French interior minister Gérald Darmanin said recently that national-populist Marine Le Pen is likely to win the 2027 French presidential election.
While the next election is nearly four years away, attention is focused on the race for the Elysée Palace, as Macron will be ineligible to run.
Darmanin referred to what he sees as a grim outlook for his centrist party.
Speaking candidly to the regional outlet La Voix du Nord he said: “The fact is that in [four] years, a victory for Madame Le Pen is quite likely.”
It is certainly a possibility. Although only a year into his second presidential term, Macron’s performance has been seen as dismal by many, punctuated by riots, unpopular reforms, a cost-of-living-crisis, police strikes and then further widespread unrest. That has left many also predicting a future win for Le Pen and her Rassemblement National party.
For Darmanin, the current ruling coalition consisting mainly of Macron’s liberal centrist Renaissance party (formerly La Republique en Marche), has a “class problem” with its neglect of much needed support for the French working-class.
All eyes are now on the small town of Tourcoing, next to the Belgian border, where Darmanin was once the mayor. At a conference there, he is to outline his approach to the next election, which he said will have a stronger focus on more social policy.
“If we don’t address the economic challenges faced by the working class, populists will seize victory in 2027,” he said.
He also criticised the make-up of the support base for Macron and the Renaissance’s party. He said it was too reliant on the wealthy and white-collar workers and added that the government can’t “base ourselves only on the winners of globalisation … because that does not make 51 per cent of the votes.”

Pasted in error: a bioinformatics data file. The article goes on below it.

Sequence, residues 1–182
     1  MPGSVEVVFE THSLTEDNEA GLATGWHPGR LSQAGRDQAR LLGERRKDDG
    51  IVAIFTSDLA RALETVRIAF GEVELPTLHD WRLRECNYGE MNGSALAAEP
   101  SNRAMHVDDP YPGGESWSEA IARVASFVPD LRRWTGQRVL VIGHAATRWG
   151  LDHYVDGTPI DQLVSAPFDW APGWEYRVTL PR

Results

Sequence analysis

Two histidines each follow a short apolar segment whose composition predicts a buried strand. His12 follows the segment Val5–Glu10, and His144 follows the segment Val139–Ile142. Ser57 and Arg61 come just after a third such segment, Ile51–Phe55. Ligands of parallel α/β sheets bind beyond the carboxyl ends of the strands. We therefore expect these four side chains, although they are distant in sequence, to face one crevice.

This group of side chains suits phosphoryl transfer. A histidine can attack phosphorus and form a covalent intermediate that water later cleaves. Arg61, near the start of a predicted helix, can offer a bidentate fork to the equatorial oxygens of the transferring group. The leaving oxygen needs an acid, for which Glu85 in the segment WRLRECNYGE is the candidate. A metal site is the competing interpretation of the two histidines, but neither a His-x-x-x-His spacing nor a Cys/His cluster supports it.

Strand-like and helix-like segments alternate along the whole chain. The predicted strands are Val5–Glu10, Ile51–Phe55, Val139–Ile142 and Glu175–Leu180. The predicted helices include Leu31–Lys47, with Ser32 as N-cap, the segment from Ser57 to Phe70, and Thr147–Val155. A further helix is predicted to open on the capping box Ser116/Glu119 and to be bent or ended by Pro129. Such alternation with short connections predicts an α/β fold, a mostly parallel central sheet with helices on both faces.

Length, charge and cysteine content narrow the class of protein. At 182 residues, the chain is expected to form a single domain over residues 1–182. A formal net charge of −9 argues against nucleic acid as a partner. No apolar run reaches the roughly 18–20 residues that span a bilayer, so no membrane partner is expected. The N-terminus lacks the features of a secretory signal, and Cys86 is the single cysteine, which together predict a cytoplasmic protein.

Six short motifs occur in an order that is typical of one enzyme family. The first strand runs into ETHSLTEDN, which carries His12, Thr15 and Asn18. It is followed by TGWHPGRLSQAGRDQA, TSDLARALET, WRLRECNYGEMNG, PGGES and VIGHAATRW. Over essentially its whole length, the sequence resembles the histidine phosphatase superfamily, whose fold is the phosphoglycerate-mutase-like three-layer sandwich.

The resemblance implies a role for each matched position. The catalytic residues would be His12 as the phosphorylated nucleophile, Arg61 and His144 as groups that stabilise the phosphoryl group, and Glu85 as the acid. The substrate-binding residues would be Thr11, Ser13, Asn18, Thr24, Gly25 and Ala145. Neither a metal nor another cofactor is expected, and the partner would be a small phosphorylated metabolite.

Darmanin isn’t alone in foreseeing Le Pen’s potential triumph. In February 2023, former French prime minister Édouard Philippe also acknowledged the viability of her victory, urging “vigilance” among his peers.
Darmanin’s audacious manoeuvre has caused friction within the ruling party and the government. Some view his efforts to carve out his own path as potentially divisive. Stéphane Séjourné, leader of the Renaissance party, cautioned that unity within the majority should be prioritised over individual ambitions.
Darmanin has quipped that he “doesn’t need lessons in loyalty”, although he did not invite Prime Minister Elisabeth Bourne to his conference, as the two have long-standing rivalry.
That was heightened after he narrowly missed out on promotion to Bourne’s job during a recent government reshuffle.
He claims his personal success story, rising from humble origins with an immigrant background, gives him a unique perspective that may unsettle some.